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Open Access Publications from the University of California

Improving land-surface model hydrology: Is an explicit aquifer model better than a deeper soil profile?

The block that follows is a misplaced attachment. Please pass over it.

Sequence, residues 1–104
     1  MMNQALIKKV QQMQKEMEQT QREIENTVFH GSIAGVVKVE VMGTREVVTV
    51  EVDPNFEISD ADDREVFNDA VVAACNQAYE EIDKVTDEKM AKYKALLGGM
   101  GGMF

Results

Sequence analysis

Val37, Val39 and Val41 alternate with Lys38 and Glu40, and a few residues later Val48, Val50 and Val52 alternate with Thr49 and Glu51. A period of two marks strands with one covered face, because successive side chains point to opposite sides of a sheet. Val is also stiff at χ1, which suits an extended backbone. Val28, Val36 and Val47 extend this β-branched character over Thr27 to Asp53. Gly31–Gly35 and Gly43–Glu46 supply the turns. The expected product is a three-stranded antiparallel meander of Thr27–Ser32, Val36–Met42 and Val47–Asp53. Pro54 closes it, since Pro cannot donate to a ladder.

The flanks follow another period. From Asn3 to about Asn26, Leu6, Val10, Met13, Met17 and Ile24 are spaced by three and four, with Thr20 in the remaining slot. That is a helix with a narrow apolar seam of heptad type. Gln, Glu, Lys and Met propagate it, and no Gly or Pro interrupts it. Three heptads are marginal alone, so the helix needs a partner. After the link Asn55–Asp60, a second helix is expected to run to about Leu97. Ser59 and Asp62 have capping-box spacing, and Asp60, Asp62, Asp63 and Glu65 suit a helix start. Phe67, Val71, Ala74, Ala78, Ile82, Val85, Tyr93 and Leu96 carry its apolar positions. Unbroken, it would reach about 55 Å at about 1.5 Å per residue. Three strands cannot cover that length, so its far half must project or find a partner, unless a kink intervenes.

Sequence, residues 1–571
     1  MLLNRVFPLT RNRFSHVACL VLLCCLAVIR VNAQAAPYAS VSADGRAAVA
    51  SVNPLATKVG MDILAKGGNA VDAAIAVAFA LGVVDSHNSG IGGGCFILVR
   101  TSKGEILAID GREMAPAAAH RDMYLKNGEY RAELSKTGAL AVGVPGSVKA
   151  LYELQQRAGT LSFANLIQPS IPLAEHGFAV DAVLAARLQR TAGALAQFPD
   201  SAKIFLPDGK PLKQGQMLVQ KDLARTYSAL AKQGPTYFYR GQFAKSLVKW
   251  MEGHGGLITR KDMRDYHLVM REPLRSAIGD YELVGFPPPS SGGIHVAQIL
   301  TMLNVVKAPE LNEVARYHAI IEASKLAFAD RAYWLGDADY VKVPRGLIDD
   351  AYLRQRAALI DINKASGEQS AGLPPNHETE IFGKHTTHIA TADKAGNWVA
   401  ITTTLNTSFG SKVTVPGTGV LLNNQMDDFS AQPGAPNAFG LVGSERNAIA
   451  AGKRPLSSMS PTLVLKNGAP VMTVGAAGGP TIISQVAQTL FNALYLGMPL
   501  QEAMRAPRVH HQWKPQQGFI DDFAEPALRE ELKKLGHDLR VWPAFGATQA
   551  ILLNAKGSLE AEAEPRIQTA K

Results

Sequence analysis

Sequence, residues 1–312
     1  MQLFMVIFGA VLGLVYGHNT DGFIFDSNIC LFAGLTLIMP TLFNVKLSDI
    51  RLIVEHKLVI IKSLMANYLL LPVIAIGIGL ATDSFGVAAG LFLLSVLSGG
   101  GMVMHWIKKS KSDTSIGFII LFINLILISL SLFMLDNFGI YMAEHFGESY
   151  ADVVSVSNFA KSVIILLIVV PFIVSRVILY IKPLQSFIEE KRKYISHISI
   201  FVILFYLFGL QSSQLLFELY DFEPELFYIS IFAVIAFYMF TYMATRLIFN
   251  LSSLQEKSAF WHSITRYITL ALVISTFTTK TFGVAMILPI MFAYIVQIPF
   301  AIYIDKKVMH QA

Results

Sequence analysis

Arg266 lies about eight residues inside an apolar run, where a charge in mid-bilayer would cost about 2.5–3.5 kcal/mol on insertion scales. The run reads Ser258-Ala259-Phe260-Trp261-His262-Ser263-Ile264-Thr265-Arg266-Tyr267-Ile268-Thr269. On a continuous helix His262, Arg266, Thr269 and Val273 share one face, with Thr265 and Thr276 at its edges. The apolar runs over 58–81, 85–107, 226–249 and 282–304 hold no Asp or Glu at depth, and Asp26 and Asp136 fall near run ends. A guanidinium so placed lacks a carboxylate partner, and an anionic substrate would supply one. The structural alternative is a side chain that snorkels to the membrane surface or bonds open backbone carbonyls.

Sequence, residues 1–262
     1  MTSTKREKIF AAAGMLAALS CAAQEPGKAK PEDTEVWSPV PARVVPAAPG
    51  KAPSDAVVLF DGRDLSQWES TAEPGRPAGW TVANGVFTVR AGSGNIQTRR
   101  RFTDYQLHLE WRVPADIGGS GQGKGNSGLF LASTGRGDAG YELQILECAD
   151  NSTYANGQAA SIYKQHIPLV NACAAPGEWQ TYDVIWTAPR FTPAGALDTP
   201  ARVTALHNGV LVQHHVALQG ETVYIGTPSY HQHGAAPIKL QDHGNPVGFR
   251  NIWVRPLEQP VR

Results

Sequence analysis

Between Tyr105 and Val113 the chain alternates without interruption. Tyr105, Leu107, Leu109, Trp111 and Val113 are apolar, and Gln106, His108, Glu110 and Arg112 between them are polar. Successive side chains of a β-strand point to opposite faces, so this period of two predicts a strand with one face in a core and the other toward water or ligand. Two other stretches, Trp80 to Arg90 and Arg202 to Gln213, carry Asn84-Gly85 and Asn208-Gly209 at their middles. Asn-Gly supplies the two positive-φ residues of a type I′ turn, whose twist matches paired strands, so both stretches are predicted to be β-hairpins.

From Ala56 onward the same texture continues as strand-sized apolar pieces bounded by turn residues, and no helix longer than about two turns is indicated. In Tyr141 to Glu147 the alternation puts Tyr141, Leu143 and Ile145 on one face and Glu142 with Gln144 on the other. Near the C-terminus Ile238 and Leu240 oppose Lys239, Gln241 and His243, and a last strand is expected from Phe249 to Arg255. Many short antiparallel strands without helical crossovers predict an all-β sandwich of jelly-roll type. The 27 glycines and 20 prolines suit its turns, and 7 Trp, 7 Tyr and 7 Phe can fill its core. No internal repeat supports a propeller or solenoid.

We use Monte Carlo analysis to show that explicit representation of an aquifer within a land-surface model (LSM) decreases the dependence of model performance on accurate selection of subsurface hydrologic parameters. Within the National Center for Atmospheric Research Community Land Model (CLM) we evaluate three parameterizations of vertical water flow: (1) a shallow soil profile that is characteristic of standard LSMs; (2) an extended soil profile that allows for greater variation in terrestrial water storage; and (3) a lumped, unconfined aquifer model coupled to the shallow soil profile. North American Land Data Assimilation System meteorological forcing data (1997–2005) drive the models as a single column representing Illinois, USA. The three versions of CLM are each run 22,500 times using a random sample of the parameter space for soil texture and key hydrologic parameters. Other parameters remain constant. Observation-based monthly changes in state-averaged terrestrial water storage (dTWS) are used to evaluate the model simulations. After single-criteria parameter exploration, the schemes are equivalently adept at simulating dTWS. However, explicit representation of groundwater considerably decreases the sensitivity of modeled dTWS to errant parameter choices. We show that approximate knowledge of parameter values is not sufficient to guarantee realistic model performance: because interaction among parameters is significant, they must be prescribed as a congruent set.

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